Jesus and Sacrifice: What will I give up?
TS Eliot writes in The Journey of the magi that “This birth was hard and bitter agony for us, like death, our death”. Indeed, this is the way of the Christ follower, the way of the cross. An encounter with Jesus, the birth of God among leads us always to our own death!
The symbols of our faith should teach us that: baptism, our entry into the church by symbolically dying with Christ, going into the tomb (under water), before being raised up to new life and Holy Communion: Christ’s body given, his blood shed. Do this in remembrance! And at its heart the way of Jesus is the way of sacrifice: learning how to live fully in spite of the trials and tribulations and is characterised by Sacrifice, especially when we live in a consumerist culture that is obsessed with me having everything that I want now. In a crazy, me-first, consumer driven society, if we are to follow Jesus we have to learn how to give up what we think is due to us and we would do well to ask ourselves what we think we’re entitled to. That’s why times like Lent are so important: A time of giving up, the practice of fasting, living a simple life even the spiritual discipline of tithing, sacrificial giving!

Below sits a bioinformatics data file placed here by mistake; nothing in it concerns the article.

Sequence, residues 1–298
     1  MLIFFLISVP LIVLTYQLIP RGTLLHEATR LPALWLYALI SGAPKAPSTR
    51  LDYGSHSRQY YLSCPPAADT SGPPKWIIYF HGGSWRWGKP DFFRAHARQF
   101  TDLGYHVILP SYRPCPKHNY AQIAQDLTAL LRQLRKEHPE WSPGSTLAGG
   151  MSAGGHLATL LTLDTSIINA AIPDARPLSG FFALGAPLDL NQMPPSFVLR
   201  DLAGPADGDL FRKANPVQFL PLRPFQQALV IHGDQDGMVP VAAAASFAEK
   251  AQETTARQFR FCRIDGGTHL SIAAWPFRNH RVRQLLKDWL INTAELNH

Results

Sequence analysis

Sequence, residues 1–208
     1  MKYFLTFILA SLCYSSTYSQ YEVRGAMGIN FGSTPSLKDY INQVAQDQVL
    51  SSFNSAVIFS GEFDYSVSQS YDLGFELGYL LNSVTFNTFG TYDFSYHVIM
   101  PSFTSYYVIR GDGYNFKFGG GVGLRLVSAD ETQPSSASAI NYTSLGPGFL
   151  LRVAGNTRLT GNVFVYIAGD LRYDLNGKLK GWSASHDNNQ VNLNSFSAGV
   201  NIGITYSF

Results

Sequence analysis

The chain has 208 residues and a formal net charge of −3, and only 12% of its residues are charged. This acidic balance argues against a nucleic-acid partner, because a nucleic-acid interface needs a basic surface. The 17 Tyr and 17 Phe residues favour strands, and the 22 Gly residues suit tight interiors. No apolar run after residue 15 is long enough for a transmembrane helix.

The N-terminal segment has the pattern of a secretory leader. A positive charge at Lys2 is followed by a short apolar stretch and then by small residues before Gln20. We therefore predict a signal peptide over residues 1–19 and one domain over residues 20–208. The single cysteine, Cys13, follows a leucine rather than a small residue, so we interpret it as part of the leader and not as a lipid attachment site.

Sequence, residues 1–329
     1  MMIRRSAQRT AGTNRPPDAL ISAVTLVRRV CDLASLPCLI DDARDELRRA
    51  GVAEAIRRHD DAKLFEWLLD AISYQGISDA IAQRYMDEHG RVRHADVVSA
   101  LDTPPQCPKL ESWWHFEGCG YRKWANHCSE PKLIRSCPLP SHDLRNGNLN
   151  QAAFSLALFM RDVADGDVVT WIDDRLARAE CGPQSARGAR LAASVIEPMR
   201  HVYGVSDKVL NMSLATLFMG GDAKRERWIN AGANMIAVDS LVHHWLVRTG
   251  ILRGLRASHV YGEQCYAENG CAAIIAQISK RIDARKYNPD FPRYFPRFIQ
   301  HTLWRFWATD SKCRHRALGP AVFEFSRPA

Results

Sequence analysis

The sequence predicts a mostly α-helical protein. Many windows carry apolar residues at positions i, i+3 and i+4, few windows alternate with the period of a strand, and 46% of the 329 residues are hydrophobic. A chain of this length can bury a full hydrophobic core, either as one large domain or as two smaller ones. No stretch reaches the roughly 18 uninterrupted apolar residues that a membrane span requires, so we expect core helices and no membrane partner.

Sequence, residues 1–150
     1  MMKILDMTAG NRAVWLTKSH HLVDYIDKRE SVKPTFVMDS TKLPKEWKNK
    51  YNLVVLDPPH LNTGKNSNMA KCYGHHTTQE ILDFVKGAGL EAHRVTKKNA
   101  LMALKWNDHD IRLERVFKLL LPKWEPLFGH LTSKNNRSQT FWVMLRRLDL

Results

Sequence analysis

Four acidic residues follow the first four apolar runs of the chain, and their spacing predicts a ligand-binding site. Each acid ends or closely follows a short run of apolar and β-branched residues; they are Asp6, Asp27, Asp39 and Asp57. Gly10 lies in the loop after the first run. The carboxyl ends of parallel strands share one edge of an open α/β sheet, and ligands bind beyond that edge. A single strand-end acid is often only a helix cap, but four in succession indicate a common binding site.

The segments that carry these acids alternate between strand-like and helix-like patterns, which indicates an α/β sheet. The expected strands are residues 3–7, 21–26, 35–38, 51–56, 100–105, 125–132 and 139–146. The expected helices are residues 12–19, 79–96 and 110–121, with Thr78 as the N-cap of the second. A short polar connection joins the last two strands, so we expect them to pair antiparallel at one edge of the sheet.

The way of Jesus is characterised also by suffering, to drink the cup Jesus drinks and be baptised with His baptism. If we dare ask Jesus to give us an easy comfortable life filled with power, possession and prestige we have misunderstood what following him is about. We are reminded that whoever loses his life for the sake of the gospel will save it (Mark 8).
And finally through servanthood. Jesus tells his disciples that they are not to exercise authority or lord it over others, to place ourselves in a position of power over somebody else, even just in our own minds (I’m better than they are…). The follower of Jesus to embody the antithesis of power: to take the role of a servant who has absolutely nothing. Remember in John’s gospel how Jesus illustrates this by washing their feet?
As Eliot said, this birth - the birth of Jesus in their lives - was hard and bitter agony for them, like death, their death
it really does feel like dying when we asked to give up things that society expects and encourages us to have, that in many cases we’ve spent our lives accumulating. Nevertheless it is something we do well to strive towards through Lent, sacrificial giving, the path of descent.